Once upon a time, in 1998, there were a group of girls from Our Lady of Perpetual Succour for Girls who went to Edinburgh to take part in the national choir finals. With this simple premise The Sopranos, one of the best novels of the 1990s, was written. Alan Warner’s third novel is an astonishing, and slightly worrying, book in the sense that he gets into the hearts and minds of the titular girls with amazing accuracy and insight. I believe that his debut Morvern Callar, while it has become the more respected text, was in a sense a warm up for The Sopranos. The female voices appear to me more realistic, less problematic, than in Morvern, at least until the voyeuristic scene in the girls local nite spot. But that’s for another day.
Set three years on from that day in Edinburgh, The Stars in the Bright Sky is the sequel to The Sopranos and reunites us with Kay, Kylah, Chell, Finn and Manda. My strongest memories from the first novel were of the blossoming relationship between Kay and Finn, and the tragic tale of Orla, but I had forgotten what an amazing grotesque Manda was, and she is front and centre here. Think of all the worst of those Daily Mail headlines about binge-drinking and single mothers and they are personified in Amanda Tassy. What Warner does so well is to show the humanity and vulnerability that lies behind the brazen and brash exterior. She is a visceral character, one that you’ll feel sympathy for if you have any heart, but would cross the road to avoid being caught in her whirlwind of (extra-cold) Guinness fueled innuendo and abuse. For those readers who meet the group for the first time they may wonder why the others put up with the behavior of Manda, but, read in conjunction with The Sopranos, The Stars in the Bright Sky is that rare thing, a female ‘gang’ novel which is about so much more than any superficial trappings and desires. Warner manages to convey the strength and complexity of the ties that are formed in formative years.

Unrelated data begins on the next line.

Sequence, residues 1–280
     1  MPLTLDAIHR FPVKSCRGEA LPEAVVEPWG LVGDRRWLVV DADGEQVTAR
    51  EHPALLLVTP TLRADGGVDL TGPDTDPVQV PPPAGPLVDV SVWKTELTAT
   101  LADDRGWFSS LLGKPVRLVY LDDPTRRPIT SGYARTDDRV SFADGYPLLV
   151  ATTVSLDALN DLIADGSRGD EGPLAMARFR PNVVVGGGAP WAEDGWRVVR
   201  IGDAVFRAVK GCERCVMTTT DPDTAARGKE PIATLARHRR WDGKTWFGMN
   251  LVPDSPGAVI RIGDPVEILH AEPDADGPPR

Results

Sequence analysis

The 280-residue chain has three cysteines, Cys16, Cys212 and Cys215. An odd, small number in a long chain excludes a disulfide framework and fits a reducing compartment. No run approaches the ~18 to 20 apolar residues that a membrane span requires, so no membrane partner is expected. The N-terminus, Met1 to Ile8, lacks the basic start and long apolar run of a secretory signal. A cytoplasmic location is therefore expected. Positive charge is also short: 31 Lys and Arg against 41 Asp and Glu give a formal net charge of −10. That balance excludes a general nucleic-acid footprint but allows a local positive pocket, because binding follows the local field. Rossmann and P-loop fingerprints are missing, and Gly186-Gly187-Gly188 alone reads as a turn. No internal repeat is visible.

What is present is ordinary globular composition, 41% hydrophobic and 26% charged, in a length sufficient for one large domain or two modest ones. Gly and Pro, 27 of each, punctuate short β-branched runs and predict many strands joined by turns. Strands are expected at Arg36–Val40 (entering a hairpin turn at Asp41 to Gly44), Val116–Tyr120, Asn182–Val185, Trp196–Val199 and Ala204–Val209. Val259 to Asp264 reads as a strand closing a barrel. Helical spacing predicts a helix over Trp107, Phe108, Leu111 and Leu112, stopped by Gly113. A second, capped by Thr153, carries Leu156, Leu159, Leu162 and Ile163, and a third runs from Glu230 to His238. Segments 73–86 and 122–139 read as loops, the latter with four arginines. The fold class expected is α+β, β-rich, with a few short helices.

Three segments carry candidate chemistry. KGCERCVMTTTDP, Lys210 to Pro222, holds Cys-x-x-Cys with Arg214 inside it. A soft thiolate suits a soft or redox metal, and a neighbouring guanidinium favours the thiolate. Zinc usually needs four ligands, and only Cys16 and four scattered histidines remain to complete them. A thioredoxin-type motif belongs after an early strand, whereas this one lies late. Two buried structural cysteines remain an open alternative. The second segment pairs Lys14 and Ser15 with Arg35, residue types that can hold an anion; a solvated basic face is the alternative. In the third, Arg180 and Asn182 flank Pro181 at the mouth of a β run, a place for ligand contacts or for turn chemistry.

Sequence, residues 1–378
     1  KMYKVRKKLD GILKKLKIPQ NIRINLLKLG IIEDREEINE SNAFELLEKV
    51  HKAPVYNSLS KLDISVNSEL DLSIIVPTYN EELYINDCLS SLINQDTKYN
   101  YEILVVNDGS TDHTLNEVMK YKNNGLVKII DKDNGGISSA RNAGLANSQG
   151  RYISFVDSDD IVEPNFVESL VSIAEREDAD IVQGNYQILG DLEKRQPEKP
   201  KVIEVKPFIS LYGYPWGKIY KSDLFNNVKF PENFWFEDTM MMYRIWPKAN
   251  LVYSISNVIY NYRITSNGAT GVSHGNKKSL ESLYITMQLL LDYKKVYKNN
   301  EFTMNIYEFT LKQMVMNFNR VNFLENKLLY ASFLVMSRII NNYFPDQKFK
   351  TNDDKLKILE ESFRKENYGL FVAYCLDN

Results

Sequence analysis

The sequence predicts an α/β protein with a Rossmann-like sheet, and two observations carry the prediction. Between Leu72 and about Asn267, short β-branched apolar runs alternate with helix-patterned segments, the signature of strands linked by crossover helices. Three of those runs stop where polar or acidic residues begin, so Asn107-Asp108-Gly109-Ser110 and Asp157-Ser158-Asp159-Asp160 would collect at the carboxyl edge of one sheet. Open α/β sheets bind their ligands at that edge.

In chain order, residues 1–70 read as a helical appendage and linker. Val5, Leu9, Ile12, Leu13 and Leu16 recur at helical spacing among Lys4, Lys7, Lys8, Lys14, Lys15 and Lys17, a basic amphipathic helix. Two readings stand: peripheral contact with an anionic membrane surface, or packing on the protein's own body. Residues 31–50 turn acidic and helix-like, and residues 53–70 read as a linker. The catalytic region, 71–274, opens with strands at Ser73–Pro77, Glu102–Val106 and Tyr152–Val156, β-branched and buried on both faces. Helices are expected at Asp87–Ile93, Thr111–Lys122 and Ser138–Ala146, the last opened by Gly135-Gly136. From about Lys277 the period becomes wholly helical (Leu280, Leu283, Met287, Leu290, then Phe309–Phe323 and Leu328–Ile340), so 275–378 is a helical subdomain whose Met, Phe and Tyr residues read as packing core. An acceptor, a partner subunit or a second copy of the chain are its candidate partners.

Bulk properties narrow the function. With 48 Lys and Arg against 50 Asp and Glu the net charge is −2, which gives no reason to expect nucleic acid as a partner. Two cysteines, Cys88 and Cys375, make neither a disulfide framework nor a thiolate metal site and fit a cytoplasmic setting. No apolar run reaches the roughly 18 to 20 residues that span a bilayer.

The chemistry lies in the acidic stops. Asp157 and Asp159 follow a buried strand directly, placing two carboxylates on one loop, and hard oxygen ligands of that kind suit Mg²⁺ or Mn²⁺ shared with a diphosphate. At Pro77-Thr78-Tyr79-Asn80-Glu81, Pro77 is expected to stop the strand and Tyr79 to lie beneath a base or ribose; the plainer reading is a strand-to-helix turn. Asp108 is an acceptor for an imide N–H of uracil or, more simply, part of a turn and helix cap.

The Stars in the Bright Sky is a more sober novel than The Sopranos, and does not reach its shocking heights as a result. However, few novels do. As with all Warner’s novels it is superbly written. There are few Scottish writers who observe human nature as well as he does. The introduction of the upper-middle class character Ava initially brings an interesting new dynamic to the group, but as she begins to fall apart so does the novel. I don’t wish to spoil any plots, but I didn’t buy into the supposed difference in worldly knowledge between her and the other girls, particularly when it came to drugs. Their home town of Oban may not be London, but it’s not Balamory either. The unravelling of Ava signals a drop off in the novel, although Warner manages to pull it back with a finale that some may see as contrived, but worked for me. I would suggest that if you haven’t read The Sopranos you should do so whatever, but definitely before reading The Stars in the Bright Sky. It’s not one of Warner’s best, but it’s still better than most Scottish novels that will appear this year.